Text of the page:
Publication Date: 04/01/2014
Publisher: Harper Collins Publishers
Imprint: Katherine Tegen Books
Genre: Young Adult Thriller
(Received for an honest review from Katherine Tegen Books)
Purchase: Amazon, Barnes & Noble, Book Depository, Indiebound
Katherine Ewell on the WEB: website, twitter, goodreads
Full of "can't look away" moments, Dear Killer is a psychological thriller perfect for fans of gritty realistic fiction such as Dan Wells's I Am Not a Serial Killer and Jay Asher's 13 Reasons Why, as well as television's Dexter.
Rule One: Nothing is right, nothing is wrong. Kit looks like your average seventeen-year-old high school student, but she has a secret: she's London's notorious "Perfect Killer." She chooses who to murder based on letters left in a secret mailbox, and she's good—no, perfect—at what she does.
Her moral nihilism—the fact that she doesn't believe in right and wrong—makes being a serial killer a whole lot easier . . . until she breaks her own rules by befriending someone she's supposed to murder as well as the detective in charge of the Perfect Killer case.
As New York Times bestselling author of the Gone series Michael Grant says, Dear Killer is "shocking, mesmerizing, and very smart."
Katherine Ewell is an 18 year debut author, bringing readers a book that is touted as a cross between Dexter and Pretty Little Liars. Dear Killer has an interesting premise that will draw readers in. Kit is known in London, as the "Perfect Killer." She is young, smart and has no real sense of right and wrong. Trained by her mother who is also an assassin, Kit gets her requests for murder from a secret mailbox. But eventually she starts to have her doubts about murder and why she does what she does. A premise with a lot of potential!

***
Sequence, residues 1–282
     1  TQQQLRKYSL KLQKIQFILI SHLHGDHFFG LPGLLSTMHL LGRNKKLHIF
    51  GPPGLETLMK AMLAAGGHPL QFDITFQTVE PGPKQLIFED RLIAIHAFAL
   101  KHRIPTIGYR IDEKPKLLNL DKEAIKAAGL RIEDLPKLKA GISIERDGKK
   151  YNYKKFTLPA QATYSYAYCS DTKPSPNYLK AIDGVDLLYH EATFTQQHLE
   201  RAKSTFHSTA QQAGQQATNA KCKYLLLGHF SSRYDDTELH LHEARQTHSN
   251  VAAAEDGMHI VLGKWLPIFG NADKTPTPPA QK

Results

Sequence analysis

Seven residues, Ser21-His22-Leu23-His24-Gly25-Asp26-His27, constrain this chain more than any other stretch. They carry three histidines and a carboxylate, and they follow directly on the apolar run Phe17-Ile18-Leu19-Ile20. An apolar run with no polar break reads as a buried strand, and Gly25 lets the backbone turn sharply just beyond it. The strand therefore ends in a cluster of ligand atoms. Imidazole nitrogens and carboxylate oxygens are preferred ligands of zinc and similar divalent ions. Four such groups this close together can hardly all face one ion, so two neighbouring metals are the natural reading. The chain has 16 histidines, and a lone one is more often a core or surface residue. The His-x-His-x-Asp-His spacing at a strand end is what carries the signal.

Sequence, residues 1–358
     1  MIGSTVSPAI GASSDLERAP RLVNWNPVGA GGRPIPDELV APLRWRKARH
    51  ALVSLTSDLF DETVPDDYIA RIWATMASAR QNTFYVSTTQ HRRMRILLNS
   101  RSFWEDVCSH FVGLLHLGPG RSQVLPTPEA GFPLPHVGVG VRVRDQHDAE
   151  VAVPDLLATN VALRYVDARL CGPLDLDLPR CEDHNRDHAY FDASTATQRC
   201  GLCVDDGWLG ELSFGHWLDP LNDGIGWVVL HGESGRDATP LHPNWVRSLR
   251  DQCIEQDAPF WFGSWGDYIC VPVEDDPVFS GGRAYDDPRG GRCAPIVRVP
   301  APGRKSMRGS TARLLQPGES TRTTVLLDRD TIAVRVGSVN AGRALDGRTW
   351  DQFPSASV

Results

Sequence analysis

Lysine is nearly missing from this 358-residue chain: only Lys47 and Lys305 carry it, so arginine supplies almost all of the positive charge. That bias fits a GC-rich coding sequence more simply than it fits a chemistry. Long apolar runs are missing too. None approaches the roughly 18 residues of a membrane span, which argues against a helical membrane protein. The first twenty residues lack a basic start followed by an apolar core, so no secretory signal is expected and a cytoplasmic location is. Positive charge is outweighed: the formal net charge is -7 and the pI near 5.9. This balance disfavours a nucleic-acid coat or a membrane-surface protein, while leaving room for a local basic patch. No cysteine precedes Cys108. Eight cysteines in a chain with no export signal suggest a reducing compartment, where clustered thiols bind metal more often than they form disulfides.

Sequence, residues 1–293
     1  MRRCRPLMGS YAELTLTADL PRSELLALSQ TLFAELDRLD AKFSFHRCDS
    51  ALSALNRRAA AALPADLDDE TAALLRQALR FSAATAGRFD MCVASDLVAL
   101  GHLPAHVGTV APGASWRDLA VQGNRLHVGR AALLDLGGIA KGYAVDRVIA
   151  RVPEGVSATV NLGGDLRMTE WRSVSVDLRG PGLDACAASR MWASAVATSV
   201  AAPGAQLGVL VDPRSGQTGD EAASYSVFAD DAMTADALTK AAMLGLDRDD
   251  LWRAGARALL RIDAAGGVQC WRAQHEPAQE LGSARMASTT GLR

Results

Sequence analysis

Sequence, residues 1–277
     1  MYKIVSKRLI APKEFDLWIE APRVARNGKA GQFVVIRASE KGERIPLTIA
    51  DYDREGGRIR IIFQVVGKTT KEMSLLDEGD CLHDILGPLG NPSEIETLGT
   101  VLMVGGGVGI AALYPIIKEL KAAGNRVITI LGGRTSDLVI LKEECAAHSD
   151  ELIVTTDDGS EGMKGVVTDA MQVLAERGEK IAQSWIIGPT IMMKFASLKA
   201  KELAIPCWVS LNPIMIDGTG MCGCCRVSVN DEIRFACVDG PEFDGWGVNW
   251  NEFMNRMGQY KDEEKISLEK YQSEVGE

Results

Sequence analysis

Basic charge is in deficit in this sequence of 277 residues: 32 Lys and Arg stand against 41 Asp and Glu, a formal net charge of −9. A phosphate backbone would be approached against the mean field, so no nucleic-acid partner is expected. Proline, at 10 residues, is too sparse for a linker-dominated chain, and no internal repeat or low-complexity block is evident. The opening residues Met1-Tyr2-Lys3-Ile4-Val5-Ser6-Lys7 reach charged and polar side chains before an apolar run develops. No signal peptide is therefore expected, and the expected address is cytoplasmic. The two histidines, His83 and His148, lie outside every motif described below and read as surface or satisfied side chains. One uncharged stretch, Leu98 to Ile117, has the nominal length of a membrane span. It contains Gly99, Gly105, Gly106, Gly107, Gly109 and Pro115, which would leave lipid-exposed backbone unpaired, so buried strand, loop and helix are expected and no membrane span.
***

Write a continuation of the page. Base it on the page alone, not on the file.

What I liked:
First let me say that I had a lot of issues with this particular book. Some can be attributed to the fact that this is a debut novel and some are most likely the result of the author's young age. But there were some redeeming qualities to this title as well. And I want to talk about those first.
The blurb about this book was fascinating. I thought I would be reading a novel from a young writer who had written something different and full of surprises and that was true to some extent. Ewell gives readers a killer that is far different from what we would normally expect. First of all she is female and a serial killer. I thought that was an original idea since most of these kinds of stories feature men. I thought Ewell did a good job with creating a female killer, without a conscience. Kit didn't necessarily kill for glory, in fact in the beginning she alludes to the fact that she does it because that is what she was trained to do and for the money or reward for doing each job. She is a realist in some ways. Death is inevitable, she just helps it along.
I also liked the idea of the secret mailbox. That came across as interesting and even though maybe a bit implausible, it was unique. It was unexpected and provided a way for the killer to get the information on who to kill and why. The persona of the "Perfect Killer" is enhanced by the fact that anyone can get in touch with the killer if they know where the mailbox is and the kind of payment required. It was certainly not something I had seen before and that kind originality is one of the things that I did enjoy about this book.